Messines Bell at the National War Memorial

Messines Bell at the National War Memorial

In the late 1920s, Wellington-based public servants contributed to ‘Messines’, a bell in the carillon of the National War Memorial dedicated to the fallen. This memorial was widely promoted throughout the public service, including in the Railways and Post and Telegraph departments.

Public Service Commissioner Paul Verschaffelt responded enthusiastically to a suggestion that public servants might ‘reserve’ a bell, immediately calling together representatives of his departments to discuss the proposal. The outcome was that a ‘government department’ bell, No. 10, was reserved and departments were advised of the amount they had been allocated. These sums were based on the number of employees, with staff asked to make a contribution linked to the size of their salaries. An advertisement in the New Zealand Railways Magazine suggested that those on salaries of less than £295 donate one shilling and those on more than £295 two shillings. The total subscriptions raised ranged from £1 or £2 for the smallest departments to £10 or £20 for larger ones. The Railways Department raised over £79 while the Post and Telegraph Department, which had initially sought its own bell, contributed £105.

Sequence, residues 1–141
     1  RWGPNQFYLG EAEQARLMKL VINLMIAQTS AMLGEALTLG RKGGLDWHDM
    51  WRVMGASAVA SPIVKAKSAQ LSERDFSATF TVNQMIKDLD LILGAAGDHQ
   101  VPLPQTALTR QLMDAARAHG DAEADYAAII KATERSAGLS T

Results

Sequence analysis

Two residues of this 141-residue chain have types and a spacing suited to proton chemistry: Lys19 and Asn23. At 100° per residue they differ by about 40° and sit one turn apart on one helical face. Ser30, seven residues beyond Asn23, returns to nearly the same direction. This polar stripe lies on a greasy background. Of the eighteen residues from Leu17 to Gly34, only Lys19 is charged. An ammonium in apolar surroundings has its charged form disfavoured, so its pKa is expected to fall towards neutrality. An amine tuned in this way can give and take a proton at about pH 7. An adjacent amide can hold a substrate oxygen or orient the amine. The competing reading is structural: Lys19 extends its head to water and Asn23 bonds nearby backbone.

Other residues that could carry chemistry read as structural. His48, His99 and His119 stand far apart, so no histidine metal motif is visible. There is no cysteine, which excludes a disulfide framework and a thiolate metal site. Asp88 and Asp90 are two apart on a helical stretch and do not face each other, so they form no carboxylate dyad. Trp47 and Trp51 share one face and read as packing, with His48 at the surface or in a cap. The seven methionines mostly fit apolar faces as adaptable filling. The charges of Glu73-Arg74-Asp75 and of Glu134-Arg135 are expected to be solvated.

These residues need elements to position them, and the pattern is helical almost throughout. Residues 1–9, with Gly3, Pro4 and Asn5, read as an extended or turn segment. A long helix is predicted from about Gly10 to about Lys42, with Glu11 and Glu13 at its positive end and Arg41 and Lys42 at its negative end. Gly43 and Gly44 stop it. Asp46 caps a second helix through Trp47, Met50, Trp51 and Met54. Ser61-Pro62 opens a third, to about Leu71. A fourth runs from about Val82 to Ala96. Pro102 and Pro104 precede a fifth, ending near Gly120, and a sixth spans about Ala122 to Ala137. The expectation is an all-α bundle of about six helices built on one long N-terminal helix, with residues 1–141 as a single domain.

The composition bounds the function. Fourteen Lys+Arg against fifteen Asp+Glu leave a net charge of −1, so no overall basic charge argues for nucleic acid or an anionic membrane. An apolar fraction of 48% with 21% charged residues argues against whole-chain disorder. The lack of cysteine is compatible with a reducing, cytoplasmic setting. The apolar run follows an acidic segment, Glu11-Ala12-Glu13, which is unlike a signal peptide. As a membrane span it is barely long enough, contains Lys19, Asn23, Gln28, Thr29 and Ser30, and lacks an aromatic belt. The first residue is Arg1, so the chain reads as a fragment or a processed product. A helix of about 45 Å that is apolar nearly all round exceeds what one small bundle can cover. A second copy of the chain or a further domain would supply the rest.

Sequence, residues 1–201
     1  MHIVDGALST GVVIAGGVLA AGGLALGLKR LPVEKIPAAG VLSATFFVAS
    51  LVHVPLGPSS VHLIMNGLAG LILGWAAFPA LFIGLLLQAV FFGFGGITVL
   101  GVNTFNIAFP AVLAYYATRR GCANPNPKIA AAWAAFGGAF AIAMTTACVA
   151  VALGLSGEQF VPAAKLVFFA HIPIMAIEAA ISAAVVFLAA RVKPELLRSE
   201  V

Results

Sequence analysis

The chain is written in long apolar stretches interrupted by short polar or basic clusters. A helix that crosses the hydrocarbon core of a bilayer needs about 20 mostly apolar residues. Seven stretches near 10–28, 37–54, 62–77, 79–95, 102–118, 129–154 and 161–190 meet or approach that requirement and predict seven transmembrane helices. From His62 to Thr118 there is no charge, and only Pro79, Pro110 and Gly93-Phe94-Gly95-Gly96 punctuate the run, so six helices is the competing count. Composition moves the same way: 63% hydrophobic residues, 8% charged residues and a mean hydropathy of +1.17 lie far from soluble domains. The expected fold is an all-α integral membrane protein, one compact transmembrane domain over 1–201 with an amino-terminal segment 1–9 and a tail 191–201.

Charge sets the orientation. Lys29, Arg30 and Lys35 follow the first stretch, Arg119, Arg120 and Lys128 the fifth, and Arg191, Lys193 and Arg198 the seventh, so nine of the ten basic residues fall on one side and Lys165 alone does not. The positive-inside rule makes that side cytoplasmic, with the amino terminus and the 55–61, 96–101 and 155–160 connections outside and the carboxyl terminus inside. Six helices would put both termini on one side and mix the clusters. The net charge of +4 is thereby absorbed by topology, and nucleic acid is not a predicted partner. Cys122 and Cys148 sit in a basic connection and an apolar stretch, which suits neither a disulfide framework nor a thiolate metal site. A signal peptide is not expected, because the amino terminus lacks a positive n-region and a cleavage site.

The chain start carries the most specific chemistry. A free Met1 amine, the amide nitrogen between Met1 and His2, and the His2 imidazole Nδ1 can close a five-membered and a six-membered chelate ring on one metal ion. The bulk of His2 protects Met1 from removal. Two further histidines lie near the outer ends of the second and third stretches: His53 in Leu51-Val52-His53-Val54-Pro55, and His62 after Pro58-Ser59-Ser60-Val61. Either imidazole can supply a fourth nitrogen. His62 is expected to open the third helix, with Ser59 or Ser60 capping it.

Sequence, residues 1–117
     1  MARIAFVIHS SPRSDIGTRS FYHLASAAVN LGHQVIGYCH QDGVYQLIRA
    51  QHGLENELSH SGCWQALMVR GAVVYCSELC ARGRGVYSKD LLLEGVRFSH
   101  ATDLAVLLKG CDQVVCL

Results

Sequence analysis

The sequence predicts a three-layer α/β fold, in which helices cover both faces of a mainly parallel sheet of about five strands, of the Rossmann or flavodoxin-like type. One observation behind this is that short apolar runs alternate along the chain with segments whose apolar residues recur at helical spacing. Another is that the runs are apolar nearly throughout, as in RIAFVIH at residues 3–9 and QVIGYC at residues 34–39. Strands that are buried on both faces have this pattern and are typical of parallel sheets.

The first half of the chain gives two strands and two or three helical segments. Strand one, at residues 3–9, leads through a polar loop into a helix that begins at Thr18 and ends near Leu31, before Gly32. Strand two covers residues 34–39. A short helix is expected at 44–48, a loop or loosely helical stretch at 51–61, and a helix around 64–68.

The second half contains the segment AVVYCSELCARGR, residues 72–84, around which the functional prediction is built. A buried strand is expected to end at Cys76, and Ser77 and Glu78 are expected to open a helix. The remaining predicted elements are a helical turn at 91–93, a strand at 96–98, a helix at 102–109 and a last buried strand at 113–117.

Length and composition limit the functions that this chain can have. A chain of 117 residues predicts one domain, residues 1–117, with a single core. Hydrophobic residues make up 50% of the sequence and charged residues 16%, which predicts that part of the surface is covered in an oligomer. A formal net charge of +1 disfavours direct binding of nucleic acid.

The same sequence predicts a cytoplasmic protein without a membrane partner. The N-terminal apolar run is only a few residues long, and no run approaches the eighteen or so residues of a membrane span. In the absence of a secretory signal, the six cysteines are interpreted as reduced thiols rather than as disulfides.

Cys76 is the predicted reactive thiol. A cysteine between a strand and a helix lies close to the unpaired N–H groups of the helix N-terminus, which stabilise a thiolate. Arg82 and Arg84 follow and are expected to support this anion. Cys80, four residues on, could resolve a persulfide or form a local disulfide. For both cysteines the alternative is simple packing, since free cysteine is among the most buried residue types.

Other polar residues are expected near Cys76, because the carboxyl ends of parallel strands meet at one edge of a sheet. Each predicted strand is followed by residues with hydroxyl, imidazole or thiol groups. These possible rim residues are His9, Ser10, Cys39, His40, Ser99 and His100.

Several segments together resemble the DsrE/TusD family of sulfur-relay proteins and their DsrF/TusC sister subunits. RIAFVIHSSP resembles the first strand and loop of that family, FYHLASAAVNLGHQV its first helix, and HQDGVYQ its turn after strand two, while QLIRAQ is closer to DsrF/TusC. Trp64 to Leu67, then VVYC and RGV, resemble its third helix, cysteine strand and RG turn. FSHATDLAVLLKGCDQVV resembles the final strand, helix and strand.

The inscription on the bell reads:

To the memory of the members of
the Government Departments in
Wellington, who lost their lives
in the Great War, 1914-18

“We are the Dead. Short days ago
We lived, felt dawn, saw sunset glow,
Loved and were loved: and now we lie
In Flanders fields.” - MacRae.

Presented by
Officers of the Government
Departments in Wellington

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